“Whatever good things we build end up building us.” Jim Rohn
Spelt is an ancient grain, a non-hybrid distant relative to present day wheat. Spelt’s uniqueness is derived from its genetic makeup and nutrition profile. Spelt has high water solubility, so nutrients are easily absorbed by the body making it easy to digest. It is high in protein (significantly higher than wheat), higher in B complex vitamins, and spelt is high in both simple and complex carbohydrates. These complex carbohydrates are an important factor in blood clotting and stimulating the body’s immune system. Spelt is a superb fiber resource, can contribute to lower risk of cardiovascular disease, type II diabetes, and can lessen occurrences of migraine headaches. Spelt is more difficult to process than modern wheat varieties, making it a little more expensive to purchase. Spelt’s husk protects it from pollutants and insects which allows growers to avoid using pesticides, unlike other grains. The husk needs to be mechanically separated from the kernal before milling. Over decades, modern wheat has been drastically changed to be easier to grow and harvest. This in turn increases yields, maintains a high gluten content in the wheat to produce high-volume commercial baked goods. On the other hand, spelt has preserved many of its original traits and continues to remain highly nutritious and full of flavour.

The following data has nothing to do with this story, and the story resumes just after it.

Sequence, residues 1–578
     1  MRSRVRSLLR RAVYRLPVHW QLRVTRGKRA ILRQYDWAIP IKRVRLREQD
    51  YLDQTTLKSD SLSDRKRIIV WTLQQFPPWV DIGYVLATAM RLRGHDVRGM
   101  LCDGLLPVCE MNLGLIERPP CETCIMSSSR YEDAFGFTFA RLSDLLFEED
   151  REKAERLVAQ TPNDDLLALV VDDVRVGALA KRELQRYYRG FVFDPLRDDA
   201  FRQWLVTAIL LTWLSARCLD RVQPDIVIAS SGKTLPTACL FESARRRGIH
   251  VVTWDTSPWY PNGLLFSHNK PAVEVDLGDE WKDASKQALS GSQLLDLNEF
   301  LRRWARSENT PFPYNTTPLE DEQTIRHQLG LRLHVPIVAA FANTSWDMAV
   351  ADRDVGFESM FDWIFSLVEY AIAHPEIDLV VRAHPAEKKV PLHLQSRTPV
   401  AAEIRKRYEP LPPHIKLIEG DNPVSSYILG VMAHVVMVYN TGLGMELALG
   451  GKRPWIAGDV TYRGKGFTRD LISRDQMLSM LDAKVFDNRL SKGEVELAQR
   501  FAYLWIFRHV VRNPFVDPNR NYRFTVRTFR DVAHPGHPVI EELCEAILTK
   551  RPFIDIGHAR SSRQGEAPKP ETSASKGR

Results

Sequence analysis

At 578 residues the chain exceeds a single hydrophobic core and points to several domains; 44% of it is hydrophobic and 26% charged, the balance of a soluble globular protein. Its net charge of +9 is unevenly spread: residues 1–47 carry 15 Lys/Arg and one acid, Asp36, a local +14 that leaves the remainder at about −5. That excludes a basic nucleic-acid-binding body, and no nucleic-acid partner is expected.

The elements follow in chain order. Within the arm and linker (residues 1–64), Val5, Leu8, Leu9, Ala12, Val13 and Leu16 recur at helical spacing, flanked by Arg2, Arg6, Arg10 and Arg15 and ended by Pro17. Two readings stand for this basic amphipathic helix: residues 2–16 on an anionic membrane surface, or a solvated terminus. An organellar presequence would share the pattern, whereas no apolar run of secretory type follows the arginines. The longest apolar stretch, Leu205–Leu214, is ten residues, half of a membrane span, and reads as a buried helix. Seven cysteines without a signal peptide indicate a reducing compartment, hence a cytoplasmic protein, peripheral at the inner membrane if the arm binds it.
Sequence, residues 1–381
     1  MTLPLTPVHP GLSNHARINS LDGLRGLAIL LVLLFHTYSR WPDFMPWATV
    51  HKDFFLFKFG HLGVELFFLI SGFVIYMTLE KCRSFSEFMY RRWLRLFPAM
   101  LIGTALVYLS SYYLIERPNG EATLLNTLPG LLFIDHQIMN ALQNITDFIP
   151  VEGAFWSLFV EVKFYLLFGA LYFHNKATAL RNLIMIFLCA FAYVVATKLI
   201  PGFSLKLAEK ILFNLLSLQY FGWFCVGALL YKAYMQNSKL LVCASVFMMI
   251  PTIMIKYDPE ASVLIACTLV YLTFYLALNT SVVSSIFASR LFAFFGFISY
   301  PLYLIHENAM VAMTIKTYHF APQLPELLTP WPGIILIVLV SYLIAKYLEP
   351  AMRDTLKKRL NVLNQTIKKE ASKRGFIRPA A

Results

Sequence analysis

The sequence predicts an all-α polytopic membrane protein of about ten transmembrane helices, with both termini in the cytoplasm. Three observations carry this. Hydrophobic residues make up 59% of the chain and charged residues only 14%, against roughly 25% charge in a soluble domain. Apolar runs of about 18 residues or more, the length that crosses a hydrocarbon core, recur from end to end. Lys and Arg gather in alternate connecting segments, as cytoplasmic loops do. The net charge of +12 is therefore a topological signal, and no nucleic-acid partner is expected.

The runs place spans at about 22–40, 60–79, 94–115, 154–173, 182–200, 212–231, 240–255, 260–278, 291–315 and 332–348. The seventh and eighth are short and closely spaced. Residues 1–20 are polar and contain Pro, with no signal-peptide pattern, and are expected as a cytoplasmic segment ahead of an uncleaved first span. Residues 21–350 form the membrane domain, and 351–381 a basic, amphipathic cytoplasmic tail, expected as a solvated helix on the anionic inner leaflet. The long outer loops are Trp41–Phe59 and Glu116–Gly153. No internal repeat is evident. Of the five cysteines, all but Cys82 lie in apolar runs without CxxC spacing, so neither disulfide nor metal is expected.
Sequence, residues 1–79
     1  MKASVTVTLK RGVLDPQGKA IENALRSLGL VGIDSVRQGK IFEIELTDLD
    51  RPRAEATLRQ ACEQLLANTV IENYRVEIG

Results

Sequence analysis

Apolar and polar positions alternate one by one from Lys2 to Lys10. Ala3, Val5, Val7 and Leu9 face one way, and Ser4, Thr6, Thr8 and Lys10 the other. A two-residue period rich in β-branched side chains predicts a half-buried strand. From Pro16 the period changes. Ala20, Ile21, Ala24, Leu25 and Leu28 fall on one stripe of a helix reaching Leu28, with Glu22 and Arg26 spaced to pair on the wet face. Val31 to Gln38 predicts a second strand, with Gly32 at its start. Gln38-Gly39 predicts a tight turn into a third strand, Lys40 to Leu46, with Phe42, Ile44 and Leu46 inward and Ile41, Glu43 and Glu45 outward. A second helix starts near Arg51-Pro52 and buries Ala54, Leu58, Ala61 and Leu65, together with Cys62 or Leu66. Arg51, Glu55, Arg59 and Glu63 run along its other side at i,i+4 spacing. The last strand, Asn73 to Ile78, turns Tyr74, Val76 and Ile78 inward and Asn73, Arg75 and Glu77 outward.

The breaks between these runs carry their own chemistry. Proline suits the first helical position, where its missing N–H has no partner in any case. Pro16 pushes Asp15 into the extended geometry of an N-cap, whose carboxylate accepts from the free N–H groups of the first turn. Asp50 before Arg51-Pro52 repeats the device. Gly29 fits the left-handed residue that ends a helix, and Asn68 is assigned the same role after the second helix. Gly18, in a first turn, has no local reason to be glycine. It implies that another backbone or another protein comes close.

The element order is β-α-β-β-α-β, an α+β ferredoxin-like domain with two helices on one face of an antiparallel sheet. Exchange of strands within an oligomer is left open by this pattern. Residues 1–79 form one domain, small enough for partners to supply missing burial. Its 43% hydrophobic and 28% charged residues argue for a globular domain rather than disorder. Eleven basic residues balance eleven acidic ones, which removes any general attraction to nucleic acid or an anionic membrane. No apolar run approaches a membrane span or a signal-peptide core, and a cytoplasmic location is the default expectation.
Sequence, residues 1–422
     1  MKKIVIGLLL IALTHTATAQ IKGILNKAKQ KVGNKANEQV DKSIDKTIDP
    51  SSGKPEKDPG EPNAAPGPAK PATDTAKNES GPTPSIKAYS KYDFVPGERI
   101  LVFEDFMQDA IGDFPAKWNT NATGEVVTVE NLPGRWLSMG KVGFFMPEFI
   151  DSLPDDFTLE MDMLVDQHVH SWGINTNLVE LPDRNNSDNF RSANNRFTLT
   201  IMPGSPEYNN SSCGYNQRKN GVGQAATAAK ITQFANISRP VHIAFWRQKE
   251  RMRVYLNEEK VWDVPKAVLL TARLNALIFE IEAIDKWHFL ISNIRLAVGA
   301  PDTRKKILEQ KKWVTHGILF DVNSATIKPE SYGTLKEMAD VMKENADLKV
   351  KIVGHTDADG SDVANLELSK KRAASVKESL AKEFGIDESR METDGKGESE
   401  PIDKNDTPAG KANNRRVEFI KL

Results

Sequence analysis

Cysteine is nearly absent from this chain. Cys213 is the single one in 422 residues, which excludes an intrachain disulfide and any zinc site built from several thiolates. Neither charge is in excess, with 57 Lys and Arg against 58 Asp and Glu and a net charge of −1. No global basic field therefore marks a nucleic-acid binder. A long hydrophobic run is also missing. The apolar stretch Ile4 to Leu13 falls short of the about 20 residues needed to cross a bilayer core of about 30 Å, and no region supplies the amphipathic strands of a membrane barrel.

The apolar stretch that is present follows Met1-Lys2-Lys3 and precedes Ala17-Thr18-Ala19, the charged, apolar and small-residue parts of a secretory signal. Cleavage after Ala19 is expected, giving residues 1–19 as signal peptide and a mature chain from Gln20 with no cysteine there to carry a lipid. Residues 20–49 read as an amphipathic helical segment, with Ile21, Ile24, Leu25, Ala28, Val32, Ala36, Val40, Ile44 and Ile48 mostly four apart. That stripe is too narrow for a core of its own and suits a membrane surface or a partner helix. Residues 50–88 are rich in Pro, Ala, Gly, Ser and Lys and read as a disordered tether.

“The art of the cuisine, when fully mastered, is the one human capability of which only good things can be said.” Friedrich Durrenmatt
225 ml water
1 1/2 teaspoons vegetable oil
1 1/2 teaspoons honey
210 g white spelt flour
210 g wholegrain spelt flour
1 tbsp soured cream
1 tbsp molasses
Zest of one lemon
1 1/2 teaspoons salt
20 g fresh yeast
Stir yeast, soured cream and honey, gradually add in some warm water and let it rest. Add the flour, the salt and other ingredients, and mix well to form a stiff dough. Knead 5 to 10 minutes until smooth and elastic. Put dough into a oiled bowl and turn once to oil surface. Cover with a towel and let rise until doubled about 2 hours.
Grease the loaf tin(s). Punch down dough. Knead and shape the bread(s) and place into loaf tins. Cover again and allow dough to rise to top of tins. Preheat the oven to 200 degrees C. Bake in preheated oven for about 50 minutes.
“All good things which exist are the fruits of originality.” John Stuart Mill